Who doesn’t like a little Tees action? Personally, original t-shirt designs catch my eye more than most graphic art that I see. Mainly because I can wear it. Functional art, oh baby! Another reason I take such staunch note of Tees, is due to the nature of print design. It’s an underrated source of artistic expression, probably due to it’s small scale presentation, whereas the grandiose display that most graphic art seems to get cast it in a more ‘respectable’ light. And for that, I call shenanigans!

It’s so much more than just a t-shirt, or a flyer, or whatever else the belittling label of choice that’s applied wants to call it. It’s art. And it’s a design field that restricts it’s artists in many ways. Size being one, that again, may get the piece a less than respectable branding, is another way that the print designers have been limited. They must capture their idea and encapsulate all their meaning in a much more compact piece. In a lot of graphic design, the large scale of the creation itself allows for all the intricacies that are weaved throughout the work to shine and convey their part. However, print designs must be able to work fully on a smaller scale that would cause most graphic designs to lose too much of their subtly for their piece to still be effective. So that’s a limitation that print designers deal with regularly and brilliantly.

Another problem they face, is the restricted use of colors. Large scale graphic designers love their gradients as they breathe such life and depth into an image, furthering the transmission of it’s message. But print designers have to step it up to tell everything in a much more succinct manner. The shading and depth must be crafted with a three color palette, on average, and that’s an accomplishment in my book. So why all the dismissal of designs made for tees and other print outlets? It doesn’t seem right that work that takes more skill and preparation than most, gets more ridicule than participation. Perhaps it’s a bit of jealousy rearing it’s ugly head from those who can’t, so they just critique!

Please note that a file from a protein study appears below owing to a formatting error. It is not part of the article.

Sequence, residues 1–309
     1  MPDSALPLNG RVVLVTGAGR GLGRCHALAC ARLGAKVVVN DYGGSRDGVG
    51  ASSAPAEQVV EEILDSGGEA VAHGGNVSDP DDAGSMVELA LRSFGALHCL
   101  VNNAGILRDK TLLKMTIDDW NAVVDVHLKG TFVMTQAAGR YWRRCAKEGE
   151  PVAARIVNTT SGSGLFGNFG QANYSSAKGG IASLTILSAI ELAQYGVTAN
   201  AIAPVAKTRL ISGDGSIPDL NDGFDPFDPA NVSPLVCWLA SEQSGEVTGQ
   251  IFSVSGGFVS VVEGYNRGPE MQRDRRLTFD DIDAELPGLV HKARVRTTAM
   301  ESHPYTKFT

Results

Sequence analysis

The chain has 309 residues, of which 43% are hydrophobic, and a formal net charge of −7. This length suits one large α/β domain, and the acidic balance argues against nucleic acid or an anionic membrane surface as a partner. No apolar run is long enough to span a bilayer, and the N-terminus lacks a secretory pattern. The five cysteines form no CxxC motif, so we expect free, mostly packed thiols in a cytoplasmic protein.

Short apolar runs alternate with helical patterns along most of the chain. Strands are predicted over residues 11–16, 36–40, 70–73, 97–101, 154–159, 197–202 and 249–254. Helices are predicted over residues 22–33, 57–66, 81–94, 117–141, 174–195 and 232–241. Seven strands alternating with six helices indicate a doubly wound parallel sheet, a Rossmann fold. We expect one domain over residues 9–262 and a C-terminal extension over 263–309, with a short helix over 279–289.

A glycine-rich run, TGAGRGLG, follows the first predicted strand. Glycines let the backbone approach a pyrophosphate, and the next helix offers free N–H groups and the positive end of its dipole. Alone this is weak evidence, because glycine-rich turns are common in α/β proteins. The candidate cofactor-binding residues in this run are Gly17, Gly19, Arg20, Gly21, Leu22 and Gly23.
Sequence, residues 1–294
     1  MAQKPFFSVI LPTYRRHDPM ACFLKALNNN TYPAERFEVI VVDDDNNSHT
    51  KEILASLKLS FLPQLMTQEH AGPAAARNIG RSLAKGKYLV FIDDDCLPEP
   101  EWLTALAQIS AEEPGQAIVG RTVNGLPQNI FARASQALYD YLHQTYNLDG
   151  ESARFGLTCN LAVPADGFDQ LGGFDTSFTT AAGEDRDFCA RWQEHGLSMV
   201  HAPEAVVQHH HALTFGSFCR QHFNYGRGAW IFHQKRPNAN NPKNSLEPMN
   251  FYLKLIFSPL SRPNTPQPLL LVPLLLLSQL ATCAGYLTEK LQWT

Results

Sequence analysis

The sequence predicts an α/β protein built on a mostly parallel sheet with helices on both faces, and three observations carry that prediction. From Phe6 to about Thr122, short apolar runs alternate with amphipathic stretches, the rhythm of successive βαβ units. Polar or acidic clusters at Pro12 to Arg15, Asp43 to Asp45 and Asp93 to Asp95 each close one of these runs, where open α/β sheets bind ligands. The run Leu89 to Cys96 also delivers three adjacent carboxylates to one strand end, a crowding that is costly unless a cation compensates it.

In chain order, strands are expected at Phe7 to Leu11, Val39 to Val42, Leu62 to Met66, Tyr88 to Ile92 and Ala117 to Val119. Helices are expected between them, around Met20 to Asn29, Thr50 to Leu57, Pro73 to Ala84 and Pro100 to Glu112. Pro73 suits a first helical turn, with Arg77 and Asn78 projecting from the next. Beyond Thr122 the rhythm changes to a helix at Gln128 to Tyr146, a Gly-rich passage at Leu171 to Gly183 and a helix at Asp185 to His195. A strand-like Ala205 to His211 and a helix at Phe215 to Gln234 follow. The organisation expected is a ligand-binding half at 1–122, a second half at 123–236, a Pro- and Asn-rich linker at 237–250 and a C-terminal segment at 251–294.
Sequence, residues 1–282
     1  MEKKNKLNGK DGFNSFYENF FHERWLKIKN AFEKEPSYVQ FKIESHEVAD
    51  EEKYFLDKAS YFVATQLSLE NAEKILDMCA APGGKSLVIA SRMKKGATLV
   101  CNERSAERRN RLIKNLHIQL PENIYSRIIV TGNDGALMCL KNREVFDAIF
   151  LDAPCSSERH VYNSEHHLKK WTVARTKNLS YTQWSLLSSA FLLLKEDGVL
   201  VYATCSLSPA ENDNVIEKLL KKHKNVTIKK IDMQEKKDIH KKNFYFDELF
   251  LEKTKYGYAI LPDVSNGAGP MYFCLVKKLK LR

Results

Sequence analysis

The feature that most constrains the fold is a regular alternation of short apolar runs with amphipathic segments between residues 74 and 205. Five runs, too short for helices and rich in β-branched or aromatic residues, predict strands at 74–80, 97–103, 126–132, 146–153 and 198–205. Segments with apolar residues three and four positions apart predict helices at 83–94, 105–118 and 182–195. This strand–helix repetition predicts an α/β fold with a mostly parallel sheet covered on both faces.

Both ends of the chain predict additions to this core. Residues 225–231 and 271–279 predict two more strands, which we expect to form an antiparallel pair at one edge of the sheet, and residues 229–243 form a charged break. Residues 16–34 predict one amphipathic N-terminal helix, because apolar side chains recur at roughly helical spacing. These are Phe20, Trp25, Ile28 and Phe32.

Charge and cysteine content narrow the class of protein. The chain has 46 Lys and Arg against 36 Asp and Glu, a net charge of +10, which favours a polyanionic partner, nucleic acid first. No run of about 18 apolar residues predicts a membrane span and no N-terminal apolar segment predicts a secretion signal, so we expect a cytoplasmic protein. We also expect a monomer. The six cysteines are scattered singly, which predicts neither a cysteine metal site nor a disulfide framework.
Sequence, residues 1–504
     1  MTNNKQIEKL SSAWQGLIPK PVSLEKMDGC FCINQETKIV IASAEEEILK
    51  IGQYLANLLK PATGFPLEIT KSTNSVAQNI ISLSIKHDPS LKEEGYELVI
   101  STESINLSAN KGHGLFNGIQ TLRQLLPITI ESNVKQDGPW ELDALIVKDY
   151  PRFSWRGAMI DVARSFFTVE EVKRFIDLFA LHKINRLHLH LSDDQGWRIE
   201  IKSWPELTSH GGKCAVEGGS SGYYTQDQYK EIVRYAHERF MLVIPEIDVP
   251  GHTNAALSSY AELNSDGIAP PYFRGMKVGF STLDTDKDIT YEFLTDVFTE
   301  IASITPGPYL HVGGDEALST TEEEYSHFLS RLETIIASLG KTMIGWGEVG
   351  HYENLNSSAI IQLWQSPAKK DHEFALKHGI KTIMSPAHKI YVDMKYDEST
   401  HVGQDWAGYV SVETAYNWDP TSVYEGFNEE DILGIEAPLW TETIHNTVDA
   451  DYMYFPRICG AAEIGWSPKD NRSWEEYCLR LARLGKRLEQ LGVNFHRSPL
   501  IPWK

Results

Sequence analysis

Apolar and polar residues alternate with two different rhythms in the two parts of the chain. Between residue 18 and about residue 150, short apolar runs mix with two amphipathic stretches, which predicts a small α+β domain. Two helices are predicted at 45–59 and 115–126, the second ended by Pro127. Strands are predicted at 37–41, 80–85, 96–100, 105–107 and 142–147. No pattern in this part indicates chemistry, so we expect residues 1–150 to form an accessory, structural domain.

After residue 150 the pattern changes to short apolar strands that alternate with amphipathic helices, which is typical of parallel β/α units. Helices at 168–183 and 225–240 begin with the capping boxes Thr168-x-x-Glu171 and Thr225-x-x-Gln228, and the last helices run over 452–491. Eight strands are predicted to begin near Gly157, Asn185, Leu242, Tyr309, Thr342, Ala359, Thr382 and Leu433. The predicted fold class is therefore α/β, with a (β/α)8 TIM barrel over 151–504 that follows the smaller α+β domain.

Some examples of great t-shirt designs! Respect!

Irate Monkey

Artist: Dave who is really into whales and their bones a full time graphic designer and illustrator

Prom Night

Artist: Jeff Finley a graphic designer and part owner of Go Media


Artist: Filter017 was created by Enzo, Wen, and Nick since 2004. you can see there Flickr and blog

Ape Vs Monkey

Artist: Illustrator Nik Holmes has been in the picture making business since 2004 and in that time has racked up clients including Virgin, Microsoft, Orange and Mastercard. visit his blog and portfolio

Royal Blood

Chris Rushing graphic designer see his flickr for more cool designs.

Refraction Retraction

Artist: FullBleed, Since 2004 fullbleed has been a one man t-shirt army, printing over 70 tees.

Poetry Of Demise

Artist: Herman Lee, a 22 year old guy who just relocated back to Hong Kong from Toronto, Canada.

Oddica Octopus

Artist: Ray Frenden an illustrator from Greater Chicago “I Draw things” you can see his flickr

Design Vocabulary – Color Terms – Week 2

Arrons third post, this time color terminology, you may have seen some of these terms used in some of your graphic applications so now you can learn alittle bit more about what they mean, feel free to contribute a color term in the comments to add to this post.

Gamut (GAM-ut):

Gamut is the range of available color on an output device. Each device has its own gamut capabilities. If the gamut fall out of that particular devices range, it is shown inaccurately on the display or cannot be printed. We then say a color is “out of gamut”.


The basis of a color and usually refers to the name of the color (red, purple, yellow, etc.)


Saturation is the color intensity of an image. A color with high saturation will appear brighter and more vibrant than the same color with low saturation. Colors in gray scale images have no saturation.


The lightness or darkness of a gray or a color. The darkest level or value of gray is black and the lightest level of gray is white.


A variation of a color obtained by adding white